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Idealab! Hatchling Comes Home to Roost

Idealab!'s founder Bill Gross is a visionary. He's also a dynamite businessman. So on the heels of Estee Lauder's (EL) land grab of beauty e-tailer gloss.com, Gross hatched plans to up his minority stake in his own beauty supplies incubatee, Eve.com, to a controlling interest. In a twist, he'll also take the reigns as chairman of Eve.

According to official statements, the move is intended to accelerate Eve's expansion into other product categories. Well I've got another guess. It goes something like this. There are two common exit strategies that exist for Net start-up companies. Take your show on the road and shake the public markets money tree for IPO dough. Or find a bigger fish to consummate an all-stock swap acquisition.

The latter of the two has become rampant because quite simply, it's getting tougher to hit the new issues market up for cash. Instead, rely on those bigger fish to wade through full disclosure, an IPO road-show, quarterly earnings reports, and impatient investors. Getting acquired is easily the exit strategy of choice for most Net newcomers.

CMGI (CMGI) is one Internet incubator that wisely uses its zaibatsu family to take advantage of the most lucrative exit strategy. Bound to have a number of struggling companies in its vast network, CMGI uses its portfolio thoroughbreds to acquire its weaker start-ups.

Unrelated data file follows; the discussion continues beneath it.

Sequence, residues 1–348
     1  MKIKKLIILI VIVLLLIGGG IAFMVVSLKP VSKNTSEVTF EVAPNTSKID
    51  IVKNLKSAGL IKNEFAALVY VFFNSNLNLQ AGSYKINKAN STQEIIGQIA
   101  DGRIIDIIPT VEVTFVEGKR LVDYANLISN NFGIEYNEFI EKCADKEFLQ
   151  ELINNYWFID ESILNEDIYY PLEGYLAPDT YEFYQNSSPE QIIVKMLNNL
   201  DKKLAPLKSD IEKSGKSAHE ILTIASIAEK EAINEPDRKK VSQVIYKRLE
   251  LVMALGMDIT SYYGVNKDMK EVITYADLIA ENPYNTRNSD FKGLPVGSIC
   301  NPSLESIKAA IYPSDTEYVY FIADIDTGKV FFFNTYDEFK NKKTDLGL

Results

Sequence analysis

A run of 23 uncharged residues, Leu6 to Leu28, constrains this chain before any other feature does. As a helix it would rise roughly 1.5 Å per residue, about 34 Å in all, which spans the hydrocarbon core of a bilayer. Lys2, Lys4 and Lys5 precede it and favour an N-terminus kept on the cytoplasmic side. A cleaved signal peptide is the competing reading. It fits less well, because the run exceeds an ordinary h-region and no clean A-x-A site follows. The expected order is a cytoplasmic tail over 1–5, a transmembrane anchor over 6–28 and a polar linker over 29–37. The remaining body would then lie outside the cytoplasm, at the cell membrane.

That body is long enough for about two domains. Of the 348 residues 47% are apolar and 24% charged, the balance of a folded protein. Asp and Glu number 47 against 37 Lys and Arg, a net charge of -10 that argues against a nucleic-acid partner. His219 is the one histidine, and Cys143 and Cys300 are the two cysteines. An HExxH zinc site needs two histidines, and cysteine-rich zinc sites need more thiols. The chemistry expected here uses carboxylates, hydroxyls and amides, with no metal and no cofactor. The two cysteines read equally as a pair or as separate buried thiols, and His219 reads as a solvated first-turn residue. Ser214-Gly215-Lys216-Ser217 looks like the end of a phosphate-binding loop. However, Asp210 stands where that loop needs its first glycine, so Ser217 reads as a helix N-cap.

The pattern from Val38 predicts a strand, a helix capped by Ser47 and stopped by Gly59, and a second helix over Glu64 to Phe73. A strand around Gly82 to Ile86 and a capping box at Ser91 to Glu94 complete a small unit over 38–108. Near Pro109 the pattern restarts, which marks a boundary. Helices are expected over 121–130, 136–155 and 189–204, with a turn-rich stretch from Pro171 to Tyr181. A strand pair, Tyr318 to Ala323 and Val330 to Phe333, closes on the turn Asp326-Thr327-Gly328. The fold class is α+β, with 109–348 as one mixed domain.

Flavor-of-the-month investors have turned sour on financial news portals. Just look toward the performances of TheStreet.com (TSCM) and Marketwatch.com (MKTW) as recent examples. So, CMGI's Raging Bull saw the handwriting on the wall and in a whirlwind courtship swapped its stock for an arguably stronger Altavista currency. Since CMGI has investments in both, it's a win-win strategy to take both companies public under the stronger market position of the two.

In this case, Bill Gross sees an opportunity to bring his 1998 investment in Eve.com to fruition. There's little question Eve.com doesn't have a warm welcome waiting for it in the public markets. Investors have openly flogged e-tailers in the Nasdaq market square for nearly a year now.

Now's the time to strike while the iron's hot. With a speedy makeover, Bill Gross can turn Eve.com into an attractive take-over target and marry off one of his longstanding hatchlings to a handsome suitor. But why all the fuss? Because the days of minting money from nearly any bright idea are a distant memory.

Keep in mind that Gross single-handedly started this Internet incubator craze. And few me-too competitors had the Midas touch that he's had. But through no fault of his own, the bulletproof idealab! portfolio has fallen on lean times.

Launched with tremendous bells and whistles, Etoys (ETYS) soared 283% on its first day of trade last May, fortunate to have been smack dab in the middle of the greatest Web boom the market has ever seen. Following eToys' heady IPO performance, idealab! released Goto.com (GOTO) to the public in June.

The pay-per-view search engine reached an enviable high of $114 per share six months after its offering, despite a sluggish start. NetZero (NZRO) and Tickets.com